Books/Ephemera

1845 Antique Victorian Album Journal Scrapbook Memory Book with Poetry Signed by friends of Sallie Mitchell including Mary Anna Longstreth

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    1845 Antique Victorian Album Journal Scrapbook Memory Book with Poetry Signed by friends of Sallie Mitchell including Mary Anna Longstreth and Margaret Newlin with A.L. Dick Engravings

    New York: Published by J.C. Riker

    I am not an expert of any sort. However, during my research I did find out that a Margaret Newlin was an author/editor of a book titled “Memoirs of Mary Anna Longstreth”. There are signatures in this book by two women with the names Mary Anna Longstreth and Margaret Newlin. The signatures have not been authenticated to be the signatures of these two women. I did see an example of Mary Anna Longstreth’s signature in an online copy of “Memoirs of Mary Anna Longstreth” and it looks just like the signature in this book. I am guessing that Sallie Mitchell must have been a friend of theirs; possibly a student of Mary Anna Longstreth; not sure.

    There are written entries in this book that include signatures of the following:
    (many entries are in poetic form; some pages are blank)

    N.S. Buckingham – Virginia – no date
    Chas Mitchell (Sallie Mitchell’s father) – December 26, 1845 (first entry)
    Mary Anna Longstreth – May 1846
    L. or S. Longstreth – June 1846
    Dick – April 22, 1852
    Adriana – no date
    Dollie – several entries with no dates
    Initials JL or SL – November 24, 1846
    Margaret Newlin – June 19, 1846
    Will (addressed to sister, Sallie) - November 6, 1854
    Mary Jane – November 24, 1846
    Margaret C. Cope – 1846
    Initial L and another initial that is illegible – December 28, 1846
    Letitia – Williamsport – September 17, 1848
    P. Vonkonkel? Virkonkel? (Illegible) - Tuesday, 6th of Feb., 1849 – Penmanship is highly artistic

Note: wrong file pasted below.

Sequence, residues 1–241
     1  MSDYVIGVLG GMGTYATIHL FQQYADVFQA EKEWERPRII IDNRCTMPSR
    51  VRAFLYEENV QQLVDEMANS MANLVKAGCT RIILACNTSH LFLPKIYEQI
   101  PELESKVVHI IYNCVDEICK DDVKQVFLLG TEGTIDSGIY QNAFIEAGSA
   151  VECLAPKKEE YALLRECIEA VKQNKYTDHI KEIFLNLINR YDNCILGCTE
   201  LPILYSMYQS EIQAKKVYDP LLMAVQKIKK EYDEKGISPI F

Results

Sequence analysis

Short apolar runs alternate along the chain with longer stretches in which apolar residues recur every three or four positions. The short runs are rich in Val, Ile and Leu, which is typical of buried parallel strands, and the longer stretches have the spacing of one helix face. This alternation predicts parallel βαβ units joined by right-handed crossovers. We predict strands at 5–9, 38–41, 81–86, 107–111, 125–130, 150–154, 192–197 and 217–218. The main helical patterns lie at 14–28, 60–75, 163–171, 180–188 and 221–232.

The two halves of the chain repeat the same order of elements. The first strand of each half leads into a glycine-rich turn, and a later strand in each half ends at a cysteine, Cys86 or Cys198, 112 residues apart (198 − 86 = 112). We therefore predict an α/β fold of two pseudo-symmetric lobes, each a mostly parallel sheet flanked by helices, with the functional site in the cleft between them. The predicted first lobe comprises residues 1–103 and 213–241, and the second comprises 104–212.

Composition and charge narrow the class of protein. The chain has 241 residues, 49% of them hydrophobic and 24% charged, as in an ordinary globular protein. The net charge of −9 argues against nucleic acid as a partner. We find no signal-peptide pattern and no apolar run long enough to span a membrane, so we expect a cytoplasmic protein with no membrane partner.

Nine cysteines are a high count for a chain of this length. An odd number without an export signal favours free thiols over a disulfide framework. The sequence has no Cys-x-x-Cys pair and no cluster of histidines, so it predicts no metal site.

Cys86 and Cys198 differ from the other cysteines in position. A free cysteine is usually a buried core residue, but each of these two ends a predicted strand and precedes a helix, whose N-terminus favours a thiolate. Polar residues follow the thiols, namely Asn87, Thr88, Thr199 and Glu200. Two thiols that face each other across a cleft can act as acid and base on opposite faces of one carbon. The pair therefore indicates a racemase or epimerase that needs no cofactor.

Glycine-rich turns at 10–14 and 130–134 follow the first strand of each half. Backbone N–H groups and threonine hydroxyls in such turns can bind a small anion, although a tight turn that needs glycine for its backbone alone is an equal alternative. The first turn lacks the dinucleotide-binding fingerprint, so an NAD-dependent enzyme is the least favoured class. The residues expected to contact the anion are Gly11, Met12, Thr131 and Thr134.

A Stranger – Williamsport – December 22, 1848
    Letitia - Williamsport – September 17, 1848 (second entry by this person on the same day)
    Carrie – December 28, 1846
    Thomas Smithe (illegible) – September 29, 1847


    The following information is verbiage in the history section of Longstreth Elementary/Centennial School District archives. I’m including this information about the Longstreth family because there are entries in the book signed by two Longstreths:

    The history of Warminster Township is quite typical of most American communities whose histories extend back to pre-Revolutionary days. Few of these communities have experienced stirring events of great historical importance to bring them lasting fame and distinction. Although relatively obscure, Warminster has made its mark on the history of our great nation through the exemplary lives and inspiring example of its early citizens. One of the most distinguished and highly-regarded families among the earliest settlers were the Longstreths.

    A fourth generation female member, Mary Anna Longstreth (1811-1884) operated a school for girls in Philadelphia. A student by nature, she began the study of Latin at the age of 8 years and at 12 had read all of Virgil. In 1829, along with her sister Susan, she opened the school at 3 North 11th Street with an enrollment of 5 pupils which grew to 14 within a year. The school continued and prospered for a period of 48 years. In 1836 it was moved to larger accommodations near the intersection of 11th and Cherry Streets in 1867 when the enrollment was 90 girls it was again moved, to Filbert and 4Juniper Streets, on the site of the present Masonic Temple. She was one of the incorporators of the Women‟s Medical College and a manager of the Woman‟s Hospital.


    About the engraver of the engravings in this book:

    Archibald L. Dick, engraver, Brooklyn, N.Y., (c.1793- 1856), was once a resident of 66 Fulton Street whose last place of residency was 157 Gold Street. He was chief engraver in 1841 of Godey’s Lady’s Book. He and others, among the leading engravers, executed the numerous plates for The Ladies’ Companion. James L. Dick (c. 1833-1868), an artist in Brooklyn, was Archibald Dick’s son and also resided at 157 Gold Street. He was one of the founding members of the Brooklyn Art School and Academy of Design. Barnard & Dick (William S. Barnard and Archibald L. Dick; American engraving firm, active about 1831) - References: BrooklynHistory.org; A History of American Magazines 1741-1850; New York Public Library

    Condition of book:

    Condition: This beautiful hard cover album has gilt edges and gilt, embossed design and lettering on the front, back, and spine. The spine cover has separated from the front cover about two inches at the bottom and about 1/8” at the top. There are some scratches to the gilt work including at the top right hand corner and at various places on the outer edges. Some pages are unattached to the spine. It appears that some engravings have been removed. There are eight remaining engravings by A.L. Dick and one colorful page of an image of a butterfly. Some of the engravings have a thin piece of paper on top of them to separate them from the other page.

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